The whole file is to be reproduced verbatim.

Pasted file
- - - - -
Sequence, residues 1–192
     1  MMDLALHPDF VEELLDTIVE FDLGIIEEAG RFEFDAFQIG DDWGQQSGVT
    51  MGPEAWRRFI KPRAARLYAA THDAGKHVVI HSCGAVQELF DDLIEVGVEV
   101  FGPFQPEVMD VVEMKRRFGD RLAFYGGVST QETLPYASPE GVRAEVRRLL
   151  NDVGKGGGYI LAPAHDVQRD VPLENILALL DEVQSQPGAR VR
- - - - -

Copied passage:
Sequence, residues 1–192
     1  MMDLALHPDF VEELLDTIVE FDLGIIEEAG RFEFDAFQIG DDWGQQSGVT
    51  MGPEAWRRFI KPRAARLYAA THDAGKHVVI HSCGAVQELF DDLIEVGVEV
   101  FGPFQPEVMD VVEMKRRFGD RLAFYGGVST QETLPYASPE GVRAEVRRLL
   151  NDVGKGGGYI LAPAHDVQRD VPLENILALL DEVQSQPGAR VR